Arkansas Supreme Court Strikes Down Parenting Ban As Contrary To Children’s Welfare

April 7, 2011 12:32 pm

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Decision Affirms Lower Court Ruling That Barring Straight And Gay Unmarried Couples From Adopting And Fostering Violates The Constitution

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LITTLE ROCK– The Arkansas Supreme Court today declared unconstitutional a law that bans any unmarried person who lives with a partner in a sexual relationship, including those in same-sex relationships, from serving as an adoptive or foster parent. The American Civil Liberties Union and the ACLU of Arkansas filed a lawsuit against the ban on behalf of children, parents and couples harmed by the law, known as Act 1, in December 2008. The Arkansas Supreme Court’s decision today affirms an earlier ruling by the Pulaski County Circuit Court holding that Act 1 violates the Arkansas Constitution’s guarantee of a right to privacy, a ruling that Arkansas Attorney General Dustin McDaniel appealed.

“We are excited about today’s ruling,” said Wendy Rickman, who, along with her partner of 11 years, Stephanie Huffman, was represented in the case by the ACLU. Rickman and Huffman adopted a special-needs foster child in Arkansas and would like to open their home to another special-needs child. “We feel that the court thoroughly reviewed the facts of the case and ruled accordingly. We look forward to the opportunity to go through the adoption process once more and to welcome another child into our family.”

“This ruling is a relief for the over 1,600 children in the state of Arkansas who need a permanent family. The state admitted good families would be banned by this law, and that we have a critical shortage of homes,” said Rita Sklar, Executive Director of the ACLU of Arkansas. “This ban wouldn’t even allow a relative – gay or straight – to foster or adopt a child with whom they had a close relationship, so long as that relative was unmarried and living with a partner. The court clearly saw that this ban violated the constitutional rights of our clients and thousands of other Arkansans.”

In addition to Rickman and Huffman, plaintiffs participating in the case include three teenagers in state care who are awaiting placement with a foster or adoptive family, a grandmother who was barred by Act 1 from adopting her own grandchild and several married heterosexual couples who are prohibited by Act 1 from arranging for certain friends or relatives to adopt their children if they die or become incapacitated.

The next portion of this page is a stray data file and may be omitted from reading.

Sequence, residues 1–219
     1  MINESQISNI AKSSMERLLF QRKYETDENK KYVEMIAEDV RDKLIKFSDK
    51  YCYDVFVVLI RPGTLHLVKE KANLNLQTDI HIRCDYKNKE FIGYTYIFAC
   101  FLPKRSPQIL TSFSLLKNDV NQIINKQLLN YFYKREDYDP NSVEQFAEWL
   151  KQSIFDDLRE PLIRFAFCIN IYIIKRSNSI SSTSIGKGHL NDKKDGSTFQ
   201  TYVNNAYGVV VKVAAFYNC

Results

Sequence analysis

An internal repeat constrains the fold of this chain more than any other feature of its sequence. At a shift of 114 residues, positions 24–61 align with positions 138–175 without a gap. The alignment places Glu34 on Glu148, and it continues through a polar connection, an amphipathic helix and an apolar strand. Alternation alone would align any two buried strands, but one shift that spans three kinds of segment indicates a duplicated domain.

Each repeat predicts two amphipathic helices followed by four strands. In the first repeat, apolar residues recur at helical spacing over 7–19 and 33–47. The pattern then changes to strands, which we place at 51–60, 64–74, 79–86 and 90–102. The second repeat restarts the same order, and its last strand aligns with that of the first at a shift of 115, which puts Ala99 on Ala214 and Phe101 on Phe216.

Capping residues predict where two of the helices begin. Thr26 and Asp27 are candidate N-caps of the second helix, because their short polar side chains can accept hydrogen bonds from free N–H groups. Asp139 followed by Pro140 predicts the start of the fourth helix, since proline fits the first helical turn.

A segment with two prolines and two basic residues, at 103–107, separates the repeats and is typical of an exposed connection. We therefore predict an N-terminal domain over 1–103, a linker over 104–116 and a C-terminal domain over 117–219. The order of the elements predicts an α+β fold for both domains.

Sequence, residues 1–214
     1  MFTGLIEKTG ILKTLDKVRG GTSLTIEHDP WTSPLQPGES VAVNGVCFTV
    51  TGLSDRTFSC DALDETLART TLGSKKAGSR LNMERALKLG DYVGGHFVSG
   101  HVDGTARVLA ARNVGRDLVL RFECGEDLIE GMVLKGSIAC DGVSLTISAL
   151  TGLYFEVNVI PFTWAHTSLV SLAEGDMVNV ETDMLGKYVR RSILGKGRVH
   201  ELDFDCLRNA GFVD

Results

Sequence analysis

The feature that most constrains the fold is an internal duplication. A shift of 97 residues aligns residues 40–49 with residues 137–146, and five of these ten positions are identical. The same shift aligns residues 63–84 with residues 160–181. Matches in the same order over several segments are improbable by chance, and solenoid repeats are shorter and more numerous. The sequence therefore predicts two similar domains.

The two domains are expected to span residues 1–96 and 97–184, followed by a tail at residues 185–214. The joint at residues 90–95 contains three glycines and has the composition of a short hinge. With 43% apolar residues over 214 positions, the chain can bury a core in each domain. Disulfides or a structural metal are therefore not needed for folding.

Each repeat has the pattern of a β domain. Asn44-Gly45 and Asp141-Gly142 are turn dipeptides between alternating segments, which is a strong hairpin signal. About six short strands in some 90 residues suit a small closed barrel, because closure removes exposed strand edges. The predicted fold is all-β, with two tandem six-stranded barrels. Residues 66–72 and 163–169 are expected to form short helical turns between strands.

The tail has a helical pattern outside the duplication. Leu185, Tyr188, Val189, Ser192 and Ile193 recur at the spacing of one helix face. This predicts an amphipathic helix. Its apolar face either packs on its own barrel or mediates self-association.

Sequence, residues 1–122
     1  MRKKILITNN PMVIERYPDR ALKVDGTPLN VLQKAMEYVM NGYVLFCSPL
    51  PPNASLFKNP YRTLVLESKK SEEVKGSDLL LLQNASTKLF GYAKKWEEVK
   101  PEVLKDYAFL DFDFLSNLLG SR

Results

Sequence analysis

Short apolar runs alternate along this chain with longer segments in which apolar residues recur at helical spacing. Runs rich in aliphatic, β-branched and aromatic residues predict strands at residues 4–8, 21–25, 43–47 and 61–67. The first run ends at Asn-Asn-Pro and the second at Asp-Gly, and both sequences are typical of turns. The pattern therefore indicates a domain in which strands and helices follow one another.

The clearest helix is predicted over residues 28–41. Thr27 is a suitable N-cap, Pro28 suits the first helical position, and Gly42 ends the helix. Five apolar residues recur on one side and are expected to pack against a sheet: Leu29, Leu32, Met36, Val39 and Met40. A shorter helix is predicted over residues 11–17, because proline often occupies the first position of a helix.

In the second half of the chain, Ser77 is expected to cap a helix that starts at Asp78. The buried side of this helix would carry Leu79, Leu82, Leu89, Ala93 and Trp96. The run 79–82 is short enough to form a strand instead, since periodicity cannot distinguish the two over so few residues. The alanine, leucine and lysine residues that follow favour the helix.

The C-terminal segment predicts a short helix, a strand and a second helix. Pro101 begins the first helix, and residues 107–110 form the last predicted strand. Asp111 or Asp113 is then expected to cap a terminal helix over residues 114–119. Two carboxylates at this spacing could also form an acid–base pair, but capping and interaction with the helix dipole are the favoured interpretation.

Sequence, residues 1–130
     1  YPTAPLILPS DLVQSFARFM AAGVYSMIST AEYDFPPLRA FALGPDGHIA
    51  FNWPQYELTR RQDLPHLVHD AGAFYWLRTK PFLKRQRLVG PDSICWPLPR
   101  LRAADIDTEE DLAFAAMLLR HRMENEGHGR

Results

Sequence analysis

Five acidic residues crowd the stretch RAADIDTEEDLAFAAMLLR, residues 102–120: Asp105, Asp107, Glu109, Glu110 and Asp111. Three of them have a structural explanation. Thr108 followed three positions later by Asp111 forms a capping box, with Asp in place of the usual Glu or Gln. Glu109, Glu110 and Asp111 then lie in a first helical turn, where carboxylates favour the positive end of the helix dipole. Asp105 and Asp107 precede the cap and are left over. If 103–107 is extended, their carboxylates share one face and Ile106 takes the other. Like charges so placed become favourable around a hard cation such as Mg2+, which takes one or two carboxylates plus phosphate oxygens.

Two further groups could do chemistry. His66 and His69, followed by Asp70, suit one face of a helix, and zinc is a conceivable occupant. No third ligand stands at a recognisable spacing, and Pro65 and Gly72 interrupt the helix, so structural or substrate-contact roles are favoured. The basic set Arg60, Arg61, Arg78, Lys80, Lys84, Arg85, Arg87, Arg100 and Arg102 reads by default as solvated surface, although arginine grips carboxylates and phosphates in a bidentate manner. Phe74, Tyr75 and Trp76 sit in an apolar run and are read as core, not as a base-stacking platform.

As the state Supreme Court observed: “Act 1 presents a pernicious choice….[Individuals] can either give up [their] fundamental right to sexual intimacy in [their] home free from investigation by the State into [their] sexual practices in order to adopt or foster, or forego the privilege of having children by adoption or fostering.”

The court also found that “by imposing a categorical ban on all persons who cohabit with a sexual partner, Act 1 removes the ability of the State and our courts to conduct…individualized assessments on these individuals, many of whom could qualify and be entirely suitable foster or adoptive parents. As a result, Act 1 fails to pass constitutional muster under a heightened-scrutiny analysis.”

“This law was an assault on Arkansas’ most vulnerable children and arbitrarily denied them the opportunity to be placed into good and loving homes,” said Christine P. Sun, senior counsel with the ACLU Lesbian Gay Bisexual and Transgender Project. “The ban did nothing positive. It required the government to intrude into the private lives of Arkansans for no child welfare purpose at all. We are relieved that the court agreed that the law is unconstitutional.”

Act 1 did not prevent single people, regardless of the number of romantic partners they have, from adopting or fostering children in Arkansas, and did not bar unmarried cohabiting couples from serving as guardians, which has lower standards of approval and oversight than fostering and adopting.

In a similar ruling in 2006, the Arkansas Supreme Court struck down a law explicitly banning gay people from serving as foster parents, finding that there was no connection between parenting ability and a parent’s sexual orientation and that there was no connection between the ban and any child welfare purpose.

“The courts have clearly decided that the bans do nothing but hurt kids,” said Holly Dickson, staff attorney for the ACLU of Arkansas. “We’ve faced attempts at bans like this in Arkansas for over ten years now, and it is long past time to stop denying children good homes.”

Attorneys on the case include Marie-Bernarde Miller and Daniel J. Beck of Williams & Anderson PLC, on behalf of the ACLU of Arkansas; Sun, Leslie Cooper and Rose Saxe of the ACLU; and Garrard R. Beeney, Stacey R. Friedman, Stephen Ehrenberg, Emma Gilmore, Christopher Diffee, Taly Dvorkis, Angelica Sinopole and Jared A. Bennett Feiger of Sullivan and Cromwell.

The decision can be found here:

More on this case, including videos featuring some of the plaintiffs, can be found here:

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